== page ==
Local authorities in England deliver a range of statutory and non-statutory services for children at an annual cost of around £9 billion. Our inquiry sought to find out whether the funding for this vital aspect of local authorities’ remit is sufficient to enable councils to fulfil their statutory duties, deliver non-statutory duties (e.g. early help services) and secure the long-term sustainability of local authorities’ children’s services. It is clear that it is not. We heard about a system at breaking point, increasingly reliant on the goodwill of social care professionals; the children supported by or in the care of councils are some of the most vulnerable in society and deserve better. We hope our recommendations for change will act as a catalyst for the Government to co-operate with local authorities to secure the short and long-term sustainability of these services.
Our key recommendations and conclusions detailed below are divided into two key areas: central government funding and systemic change.
(1) Central government funding
It is clear that current funding levels are unsustainable; local authorities are responding to increasing demand and decreasing spending power by prioritising child protection work and reducing spending on non-statutory children’s services. Despite these efforts, most local authorities are still overspending their budgets on children’s social care. Financial restraint combined with seemingly ever increasing demands on the sector is leading to what has been described as “a perfect storm”.
Local authorities would benefit from greater long-term certainty about the availability of one-off grant funding. The impact of such funding could be improved if government departments share their expertise and aims, and pool their funding. Applying for one-off grant should not be overly burdensome nor disadvantage some local authorities.
In the current financial climate, many local authorities are reliant on the Troubled Families Programme to provide non-statutory early help services. As the funding is due to expire in 2020, it is essential that the programme is continued.
It is unrealistic to expect local authorities to successfully deliver new responsibilities without appropriate funding, and long-term inaccuracies in funding are likely to have a significant impact on local authority budgets.
Local authorities should not solely bear the burden of financially supporting children within no recourse to public funds families, particularly as councils are often required to provide long-term support as a result of Home Office delays in deciding immigration cases. Moreover, the day rate for unaccompanied asylum seeking children is insufficient.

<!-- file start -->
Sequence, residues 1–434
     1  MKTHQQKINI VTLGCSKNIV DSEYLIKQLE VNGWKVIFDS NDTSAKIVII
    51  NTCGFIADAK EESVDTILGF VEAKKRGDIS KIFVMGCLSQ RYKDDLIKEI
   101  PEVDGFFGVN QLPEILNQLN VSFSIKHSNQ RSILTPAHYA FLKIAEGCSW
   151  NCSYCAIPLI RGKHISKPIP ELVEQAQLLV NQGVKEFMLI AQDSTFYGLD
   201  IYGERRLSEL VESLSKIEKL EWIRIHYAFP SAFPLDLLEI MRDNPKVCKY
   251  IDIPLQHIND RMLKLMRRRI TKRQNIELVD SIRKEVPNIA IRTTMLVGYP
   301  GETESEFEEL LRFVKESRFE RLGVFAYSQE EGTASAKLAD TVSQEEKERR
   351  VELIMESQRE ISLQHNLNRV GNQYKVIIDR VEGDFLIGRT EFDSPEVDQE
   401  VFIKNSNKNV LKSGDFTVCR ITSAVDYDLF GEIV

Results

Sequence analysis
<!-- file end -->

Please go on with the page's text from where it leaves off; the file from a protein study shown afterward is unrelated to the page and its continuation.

High turnover and low retention of the children’s social care workforce point to a system that isn’t working well. Children pay the price as professional relationships break down. It has a cost for local authorities who resort to filling vacancies with agency staff and may, if financially viable, have to spend money on attracting staff. Social workers are suffering from a range of pressures such as increased workload and administrative burdens.
While innovation cannot solely be responsible for delivering sustainable children’s services, innovation which not only improves outcomes for children but also enhances financial sustainability is to be embraced by, and rolled out to, every local authority with the appropriate funding to ensure successful implementation.
(2) Systemic change
The sooner systemic changes are made, the sooner local authorities will be able to deliver both the long-term financial sustainability for children’s services and the best outcomes for children. The key systemic changes we recommend are detailed below.
Demands on children’s social services have been increasing each year for well over a decade and it is undoubtedly putting financial pressure on councils. Without a better understanding of demand it is impossible for local authorities and the Government to anticipate care needs and budget effectively – the key to long-term sustainability.
Limited variation in spend on children’s social care and differences in the numbers of children taken into care may be expected but the high level of divergence is concerning and suggests the practice of local authorities is very different, although the reasons why are unclear. While reducing spend per child must not be a goal in itself, best practice that emerges from this analysis should be disseminated nationally.
Local authorities are highly reliant on the independent sector, particularly for children’s residential care. Costs are increasing but it’s unclear why. Given this reliance, it is imperative that the market works well and that commissioning and procurement are improved to ensure no child is placed in unsuitable care settings.
Published: 1 May 2019